I just had my business cards made. For the first time in my history of possessing business cards, they say that I am a writer. This is not because I only started writing yesterday, but, for the first time, I am finally acknowledging that I am a writer and I want others to know me as one, too.

business cards

If you are a ridiculously funny writer you will say you knew you wanted to write from the first time you held a pencil. Others will say that the urge or need to tell stories bubbled inside them from when they were little, but unlike wanting to be a doctor or engineer, wanting to be a writer was never that dream you said out loud.

And so you turned to diaries and wrote your little heart out and got lost in other worlds that those who had been braver had created for you, but still, it was not that dream that you said out loud.

And if you were born in Uganda like I was, there was no school to go to to perfect this storytelling skill of yours. There were medical schools, law schools, institutes of technology, schools of education, and fortunately a mass communication class that came close to what you wanted to do, but writing remained that dream you could not quite say out loud. And if your President, like mine, believes that the arts are useless, writing remains that dream you cannot say out loud.

Then there was life, common sense, duty and obligations that convinced you that you had to get a real job in order to make it. And life, common sense, duty and obligations are all right! This is why wiser fulltime writers invest in passive income projects so that they can concentrate on writing without worrying about what they will have for dinner.

So, it remains that thing you do on the side like a hobby, never thinking of it as the passion that could pay your bills and it certainly could never be the dream you speak of while mentioning money in the same breath. So you take on low-paying jobs “to promote your name and your brand” and even though you know that you have invested time and sweated blood to get half a page filled with words, you tell yourself that at least now, finally, you can say it out loud, even though you are not paid for it well.

Writing is still not taken seriously in Uganda because most of us writers do not think of it as serious work. We stay up late into the night, we invest in books to get better at our craft, we become vulnerable by putting out what is in our heads for everyone to see, and yet we do not consider it serious work. We are PR people, copy writers, communication specialists, etc. but never just writers. As long as writing remains “just a thing I do on the side” it will never be taken seriously.

So, for starters, own it. Shut out that voice that says you do not count because you have no book to speak of. Doing it on the side might actually not be an issue, as long as you own it and deliberately work towards building the income it brings in to a point that that income offsets (or equals) what you currently make. Shut out that voice that says you are not a real writer because you have no book to speak of.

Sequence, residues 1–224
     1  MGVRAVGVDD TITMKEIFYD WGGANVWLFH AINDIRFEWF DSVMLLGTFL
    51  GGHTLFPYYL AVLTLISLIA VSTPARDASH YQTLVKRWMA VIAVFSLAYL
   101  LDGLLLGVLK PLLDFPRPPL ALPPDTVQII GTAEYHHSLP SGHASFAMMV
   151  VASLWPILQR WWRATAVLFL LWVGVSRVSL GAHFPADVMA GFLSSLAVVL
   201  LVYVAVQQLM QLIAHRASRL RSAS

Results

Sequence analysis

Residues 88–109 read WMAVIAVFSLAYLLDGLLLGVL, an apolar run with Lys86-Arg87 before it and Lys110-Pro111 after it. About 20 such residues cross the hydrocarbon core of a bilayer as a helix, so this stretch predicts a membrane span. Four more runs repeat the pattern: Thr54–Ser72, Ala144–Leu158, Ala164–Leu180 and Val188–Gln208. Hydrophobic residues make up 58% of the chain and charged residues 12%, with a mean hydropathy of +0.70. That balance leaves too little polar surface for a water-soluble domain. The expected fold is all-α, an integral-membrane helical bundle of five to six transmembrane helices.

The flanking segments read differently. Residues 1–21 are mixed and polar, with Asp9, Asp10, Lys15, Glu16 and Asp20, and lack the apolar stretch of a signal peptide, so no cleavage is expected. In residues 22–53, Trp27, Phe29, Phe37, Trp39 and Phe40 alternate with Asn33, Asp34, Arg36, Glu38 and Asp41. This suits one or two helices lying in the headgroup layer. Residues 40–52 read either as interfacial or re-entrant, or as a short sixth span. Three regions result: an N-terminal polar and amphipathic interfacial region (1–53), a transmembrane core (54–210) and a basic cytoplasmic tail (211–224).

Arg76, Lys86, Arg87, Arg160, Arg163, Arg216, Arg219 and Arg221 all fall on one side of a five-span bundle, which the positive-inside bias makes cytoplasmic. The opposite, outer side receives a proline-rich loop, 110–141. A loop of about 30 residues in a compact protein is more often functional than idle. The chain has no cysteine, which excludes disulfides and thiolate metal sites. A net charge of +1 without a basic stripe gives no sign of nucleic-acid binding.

You are a writer. It is a real thing.

What then after owning it, you ask? Invest in yourself. Read. Research. Observe what is around you. Keep writing, because as clichéd as it may sound, practice does make perfect. Find honest critics. Stop being your only audience. Want more. Write even when your muse takes off and leaves you hanging. Life isn’t always inspiring, so do not sit around and wait for inspiring moments. Make it good that writing of yours, so good people will want to reward you for it.


The fact that you should not do it for the money is true wisdom, but it is only half the truth. You shouldn’t do it just for the money, but it should and can earn you money; if not directly, then indirectly. It should be able to sustain you.

After all the investing you will have done, a time will come when you will realise that paying you is not a favour to you but something that you deserve.

How then do you make the money? Newspapers are still hiring. You can be a content creator/manager for blogs, you can write for broadcast media (TV and radio), you can further hone your skill to become an editor, you can submit your work for competitions that have prize money attached to them and of course, start working on that book that you have been dreaming of writing since you were little. Do not limit yourself to fiction. There are so many topics and interesting lives out there that could make for great non-fiction. Explore them. If you are lucky, your book could earn you money long after you have written it. Do whatever else you can do as long it will also give you some time to do the writing you need to do. If you cannot lose that job to devote all your time to writing, set aside time to write and stick to it.

Look out for people that can partner with you and people that just want to use you in the name of “giving you exposure”. Before you leap at the chance of getting your work out there, ask yourself what this organisation that is asking you to write for them can do for you. Can they promote your projects? Would that promotion be more useful than money in the long run? What kind of organisation are they? Are they the kind of organisation you would like to work with? Are they large or run by a few individuals?

I haven’t figured all these issues out for myself either, yet. In fact, one of my biggest questions at the moment is setting the price for your work seeing as there is no standard payment structure.

Are you making money from your writing? How do you do it and how do you charge for your work?